The Internet is full of information, and since the rise of social networks and micro-blogging, many brands and organisations have turned to social media for quantitave data such as the number of ‘likes’ a product has or the number of ‘followers’ accumulated over a period of time.
Although these figures might be good indicators of people’s initial feeling towards a product, service or even a brand, there’s a much greater mine of insight hidden among thousands of casual but honest online conversations everyday between friends or members of communities.
Social media has given individuals the power to speak-up and comment on what they like or dislike; one’s opinions being heard is no-longer the privilege of experts or authorities. Whilst consumers are enjoying being listened to, marketers should optimise this opportunity to harness opinions and turn them into valuable market intelligence.
As social networks become an ideal platform to conduct fast and effective research on customer behaviour and community patterns, netnography is now the key to faster, better and more cost-effective qualitative research on a massive scale.
Netnography is the branch of ethnography that analyses the free behaviour of individuals on the internet. The term is believed to be firstly employed by Professor Robert Kozinets in 1997. The concept has evolved with the advancement of the Internet as well as the way people consume and exchange information on the net.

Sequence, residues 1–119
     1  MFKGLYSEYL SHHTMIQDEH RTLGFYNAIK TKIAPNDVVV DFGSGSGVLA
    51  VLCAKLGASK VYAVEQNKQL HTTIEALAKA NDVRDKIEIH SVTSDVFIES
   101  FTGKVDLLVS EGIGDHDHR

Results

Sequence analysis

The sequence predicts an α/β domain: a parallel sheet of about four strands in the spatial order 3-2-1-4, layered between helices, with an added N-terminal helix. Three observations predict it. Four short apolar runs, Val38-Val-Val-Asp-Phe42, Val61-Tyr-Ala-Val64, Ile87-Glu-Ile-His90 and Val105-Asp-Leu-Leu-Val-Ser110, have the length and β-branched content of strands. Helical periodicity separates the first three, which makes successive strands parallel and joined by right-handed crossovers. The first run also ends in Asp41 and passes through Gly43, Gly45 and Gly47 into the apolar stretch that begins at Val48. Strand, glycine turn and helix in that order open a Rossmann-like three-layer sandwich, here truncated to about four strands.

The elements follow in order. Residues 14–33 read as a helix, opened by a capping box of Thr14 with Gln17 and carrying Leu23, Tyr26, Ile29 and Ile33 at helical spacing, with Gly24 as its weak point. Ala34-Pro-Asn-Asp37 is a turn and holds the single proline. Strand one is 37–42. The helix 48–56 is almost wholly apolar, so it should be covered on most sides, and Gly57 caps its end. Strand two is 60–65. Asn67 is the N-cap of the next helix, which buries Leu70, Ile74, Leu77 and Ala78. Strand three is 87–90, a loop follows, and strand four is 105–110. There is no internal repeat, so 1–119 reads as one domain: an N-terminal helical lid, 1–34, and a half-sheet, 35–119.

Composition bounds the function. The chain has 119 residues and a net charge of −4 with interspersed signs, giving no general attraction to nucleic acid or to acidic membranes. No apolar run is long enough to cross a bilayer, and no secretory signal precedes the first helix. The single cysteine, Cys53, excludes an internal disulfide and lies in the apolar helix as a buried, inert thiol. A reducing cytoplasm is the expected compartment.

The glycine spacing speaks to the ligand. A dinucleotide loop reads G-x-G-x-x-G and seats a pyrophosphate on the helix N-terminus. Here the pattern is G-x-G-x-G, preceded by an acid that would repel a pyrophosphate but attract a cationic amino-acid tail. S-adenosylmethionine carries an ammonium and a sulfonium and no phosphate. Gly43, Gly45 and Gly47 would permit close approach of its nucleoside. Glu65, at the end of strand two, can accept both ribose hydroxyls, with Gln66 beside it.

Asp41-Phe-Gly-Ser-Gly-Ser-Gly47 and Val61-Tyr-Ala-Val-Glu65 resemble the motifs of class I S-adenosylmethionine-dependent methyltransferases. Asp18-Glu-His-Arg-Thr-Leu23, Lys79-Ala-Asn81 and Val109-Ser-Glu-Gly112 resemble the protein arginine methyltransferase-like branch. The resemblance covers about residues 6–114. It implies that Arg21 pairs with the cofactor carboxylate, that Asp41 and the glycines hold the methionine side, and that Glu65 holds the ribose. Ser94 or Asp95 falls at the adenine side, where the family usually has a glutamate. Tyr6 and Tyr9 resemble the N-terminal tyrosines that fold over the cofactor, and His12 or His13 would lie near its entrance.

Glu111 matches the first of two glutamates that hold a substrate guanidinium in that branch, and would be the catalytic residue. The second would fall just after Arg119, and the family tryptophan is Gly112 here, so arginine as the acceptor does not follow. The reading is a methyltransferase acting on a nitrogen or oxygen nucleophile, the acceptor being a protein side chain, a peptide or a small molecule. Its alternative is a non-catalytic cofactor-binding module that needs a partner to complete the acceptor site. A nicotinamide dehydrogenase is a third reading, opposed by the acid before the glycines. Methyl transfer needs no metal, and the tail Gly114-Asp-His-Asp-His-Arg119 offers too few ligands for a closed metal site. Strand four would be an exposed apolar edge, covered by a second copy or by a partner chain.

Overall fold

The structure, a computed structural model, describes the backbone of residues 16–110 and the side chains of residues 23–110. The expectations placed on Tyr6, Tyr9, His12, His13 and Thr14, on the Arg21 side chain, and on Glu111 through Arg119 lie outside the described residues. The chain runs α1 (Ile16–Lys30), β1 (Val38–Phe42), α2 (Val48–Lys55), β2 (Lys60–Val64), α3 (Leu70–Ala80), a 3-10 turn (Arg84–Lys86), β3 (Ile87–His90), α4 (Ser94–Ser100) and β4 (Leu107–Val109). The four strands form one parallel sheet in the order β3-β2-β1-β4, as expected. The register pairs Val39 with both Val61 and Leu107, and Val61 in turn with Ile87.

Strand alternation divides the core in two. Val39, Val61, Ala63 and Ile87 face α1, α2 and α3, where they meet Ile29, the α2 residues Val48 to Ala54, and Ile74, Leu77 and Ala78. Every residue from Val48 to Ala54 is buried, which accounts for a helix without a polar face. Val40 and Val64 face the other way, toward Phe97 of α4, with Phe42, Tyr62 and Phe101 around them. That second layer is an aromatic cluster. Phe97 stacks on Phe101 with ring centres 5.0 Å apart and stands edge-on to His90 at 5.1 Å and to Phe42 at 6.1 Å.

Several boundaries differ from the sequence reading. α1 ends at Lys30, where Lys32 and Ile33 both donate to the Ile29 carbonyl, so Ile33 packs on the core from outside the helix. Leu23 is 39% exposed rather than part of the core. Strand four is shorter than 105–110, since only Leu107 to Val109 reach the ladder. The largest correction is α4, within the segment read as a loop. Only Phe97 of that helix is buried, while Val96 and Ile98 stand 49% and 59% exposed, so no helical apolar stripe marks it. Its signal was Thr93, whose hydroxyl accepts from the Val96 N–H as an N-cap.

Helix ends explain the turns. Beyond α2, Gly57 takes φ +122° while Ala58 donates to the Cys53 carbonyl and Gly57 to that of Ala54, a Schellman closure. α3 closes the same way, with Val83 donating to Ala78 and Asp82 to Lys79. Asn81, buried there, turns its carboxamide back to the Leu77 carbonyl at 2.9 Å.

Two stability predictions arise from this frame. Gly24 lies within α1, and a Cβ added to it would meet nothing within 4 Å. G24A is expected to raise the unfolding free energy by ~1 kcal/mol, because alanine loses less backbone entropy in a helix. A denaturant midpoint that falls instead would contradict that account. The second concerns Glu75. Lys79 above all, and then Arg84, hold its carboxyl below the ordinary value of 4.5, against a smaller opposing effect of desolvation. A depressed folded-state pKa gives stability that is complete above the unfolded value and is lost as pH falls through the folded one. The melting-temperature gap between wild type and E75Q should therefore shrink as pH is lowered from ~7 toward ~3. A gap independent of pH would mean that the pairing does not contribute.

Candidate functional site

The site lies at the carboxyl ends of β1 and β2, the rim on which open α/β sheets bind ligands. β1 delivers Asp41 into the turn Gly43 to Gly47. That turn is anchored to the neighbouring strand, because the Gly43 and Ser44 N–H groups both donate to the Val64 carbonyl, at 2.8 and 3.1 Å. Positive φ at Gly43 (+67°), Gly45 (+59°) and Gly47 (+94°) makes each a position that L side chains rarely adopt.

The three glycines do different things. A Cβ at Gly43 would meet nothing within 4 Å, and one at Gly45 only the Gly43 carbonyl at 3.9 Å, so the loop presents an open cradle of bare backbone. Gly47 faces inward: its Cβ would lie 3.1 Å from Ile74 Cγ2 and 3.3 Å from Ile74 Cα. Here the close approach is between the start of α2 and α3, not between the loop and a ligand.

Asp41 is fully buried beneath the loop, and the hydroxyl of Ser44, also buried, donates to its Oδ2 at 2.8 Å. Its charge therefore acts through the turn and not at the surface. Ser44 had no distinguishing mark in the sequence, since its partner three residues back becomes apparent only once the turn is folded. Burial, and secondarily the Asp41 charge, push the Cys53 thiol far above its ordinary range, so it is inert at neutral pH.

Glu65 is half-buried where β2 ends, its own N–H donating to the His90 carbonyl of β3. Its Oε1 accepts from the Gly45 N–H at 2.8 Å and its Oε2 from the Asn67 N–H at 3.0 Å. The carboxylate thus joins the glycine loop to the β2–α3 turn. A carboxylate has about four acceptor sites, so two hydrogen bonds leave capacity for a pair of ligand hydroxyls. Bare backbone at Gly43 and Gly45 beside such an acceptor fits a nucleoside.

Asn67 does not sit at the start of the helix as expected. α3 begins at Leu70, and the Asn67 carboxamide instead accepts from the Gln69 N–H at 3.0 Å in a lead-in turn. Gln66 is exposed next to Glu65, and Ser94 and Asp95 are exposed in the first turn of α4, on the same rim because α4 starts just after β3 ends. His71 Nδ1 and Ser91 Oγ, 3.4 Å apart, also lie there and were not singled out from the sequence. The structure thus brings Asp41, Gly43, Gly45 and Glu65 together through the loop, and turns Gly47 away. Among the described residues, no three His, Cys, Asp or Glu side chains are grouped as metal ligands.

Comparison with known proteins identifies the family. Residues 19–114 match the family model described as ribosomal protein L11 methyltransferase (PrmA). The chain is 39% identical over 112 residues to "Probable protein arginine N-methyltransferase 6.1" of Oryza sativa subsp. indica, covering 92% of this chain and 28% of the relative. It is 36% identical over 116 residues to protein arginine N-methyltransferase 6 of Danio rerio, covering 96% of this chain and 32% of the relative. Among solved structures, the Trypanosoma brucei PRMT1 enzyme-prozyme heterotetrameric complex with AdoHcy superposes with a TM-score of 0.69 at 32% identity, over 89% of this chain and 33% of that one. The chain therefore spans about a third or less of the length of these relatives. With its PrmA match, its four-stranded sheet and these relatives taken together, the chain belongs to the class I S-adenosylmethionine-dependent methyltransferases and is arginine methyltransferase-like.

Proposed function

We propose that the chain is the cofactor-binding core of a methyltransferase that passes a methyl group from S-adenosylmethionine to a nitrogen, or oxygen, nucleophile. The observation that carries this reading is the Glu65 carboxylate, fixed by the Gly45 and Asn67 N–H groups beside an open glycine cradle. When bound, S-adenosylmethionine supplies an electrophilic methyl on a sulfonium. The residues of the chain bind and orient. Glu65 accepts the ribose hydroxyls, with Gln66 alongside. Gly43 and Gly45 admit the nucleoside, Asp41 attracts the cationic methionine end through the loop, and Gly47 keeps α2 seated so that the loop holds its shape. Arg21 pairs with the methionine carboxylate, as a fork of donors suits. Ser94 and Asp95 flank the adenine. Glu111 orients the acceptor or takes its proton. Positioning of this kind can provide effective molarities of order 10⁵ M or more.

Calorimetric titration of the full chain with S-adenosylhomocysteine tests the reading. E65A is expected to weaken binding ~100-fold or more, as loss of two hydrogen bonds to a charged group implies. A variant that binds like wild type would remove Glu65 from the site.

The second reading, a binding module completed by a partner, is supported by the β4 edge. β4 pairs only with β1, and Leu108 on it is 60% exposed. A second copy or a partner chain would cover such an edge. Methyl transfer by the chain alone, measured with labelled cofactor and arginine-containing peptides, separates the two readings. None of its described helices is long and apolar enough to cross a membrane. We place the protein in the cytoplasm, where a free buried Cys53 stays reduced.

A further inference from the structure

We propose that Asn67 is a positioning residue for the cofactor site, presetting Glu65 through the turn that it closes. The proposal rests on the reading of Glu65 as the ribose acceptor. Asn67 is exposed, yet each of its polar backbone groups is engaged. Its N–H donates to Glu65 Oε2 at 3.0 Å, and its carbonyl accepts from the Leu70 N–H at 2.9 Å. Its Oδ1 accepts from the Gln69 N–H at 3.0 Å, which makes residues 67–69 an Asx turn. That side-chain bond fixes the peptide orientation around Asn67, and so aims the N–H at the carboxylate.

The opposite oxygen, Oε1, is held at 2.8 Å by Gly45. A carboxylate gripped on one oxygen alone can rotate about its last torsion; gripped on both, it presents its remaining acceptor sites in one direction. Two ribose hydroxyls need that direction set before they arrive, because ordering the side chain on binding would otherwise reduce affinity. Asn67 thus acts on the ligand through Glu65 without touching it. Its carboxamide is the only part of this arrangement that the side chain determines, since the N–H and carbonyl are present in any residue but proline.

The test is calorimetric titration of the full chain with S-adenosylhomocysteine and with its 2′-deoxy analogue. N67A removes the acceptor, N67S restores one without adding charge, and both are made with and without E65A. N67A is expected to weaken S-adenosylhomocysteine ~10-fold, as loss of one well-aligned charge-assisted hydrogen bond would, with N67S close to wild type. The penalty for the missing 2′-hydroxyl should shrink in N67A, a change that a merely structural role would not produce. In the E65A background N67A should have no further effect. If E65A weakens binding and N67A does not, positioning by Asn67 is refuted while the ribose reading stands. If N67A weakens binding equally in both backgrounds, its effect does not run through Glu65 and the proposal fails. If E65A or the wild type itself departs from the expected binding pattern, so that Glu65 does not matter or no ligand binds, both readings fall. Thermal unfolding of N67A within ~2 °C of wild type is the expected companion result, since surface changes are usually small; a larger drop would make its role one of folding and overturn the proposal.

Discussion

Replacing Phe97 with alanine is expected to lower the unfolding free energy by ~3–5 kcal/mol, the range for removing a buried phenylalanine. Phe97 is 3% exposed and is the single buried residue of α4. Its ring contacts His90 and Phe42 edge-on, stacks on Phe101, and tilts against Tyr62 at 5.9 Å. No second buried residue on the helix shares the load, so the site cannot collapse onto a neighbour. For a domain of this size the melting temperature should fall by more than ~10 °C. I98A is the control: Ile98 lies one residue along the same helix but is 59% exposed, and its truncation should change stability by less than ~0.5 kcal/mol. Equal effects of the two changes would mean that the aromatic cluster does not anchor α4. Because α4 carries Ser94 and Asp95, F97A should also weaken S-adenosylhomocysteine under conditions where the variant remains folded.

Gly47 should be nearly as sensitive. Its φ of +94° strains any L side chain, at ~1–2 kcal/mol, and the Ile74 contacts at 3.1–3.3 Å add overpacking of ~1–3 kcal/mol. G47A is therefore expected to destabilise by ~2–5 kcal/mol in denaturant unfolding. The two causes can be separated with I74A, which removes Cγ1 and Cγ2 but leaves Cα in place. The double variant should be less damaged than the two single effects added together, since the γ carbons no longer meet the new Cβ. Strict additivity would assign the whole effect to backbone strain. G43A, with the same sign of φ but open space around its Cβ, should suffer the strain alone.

Nowadays netnography allows organisations to gain customer insight through both a passive and an active approach. For example, companies can easily observe what their customers think of their offerings and study their behaviour towards brands, through listening to their social media conversations or reading users’ comments on blogs or in forums.
Of course, there are also plenty of channels for organisations to respond or proactively engage with their customers directly using a range of social media tools. A successful sales channel set up by Dell on Twitter, for instance, has brought the technology company an impressive return on investment through simple but direct interaction with their customers on social networks. Organisations can also design highly targeted netnography tools to fine-tune their interaction strategy with specific groups of key customers and brand advocates.
I believe marketers would be pleasantly surprised to re-discover the idea of netnography together with social media. Do you have any experience or success stories to share on using netnography? If so, we would love to hear from you either via email (firstname.lastname@example.org) or through comments.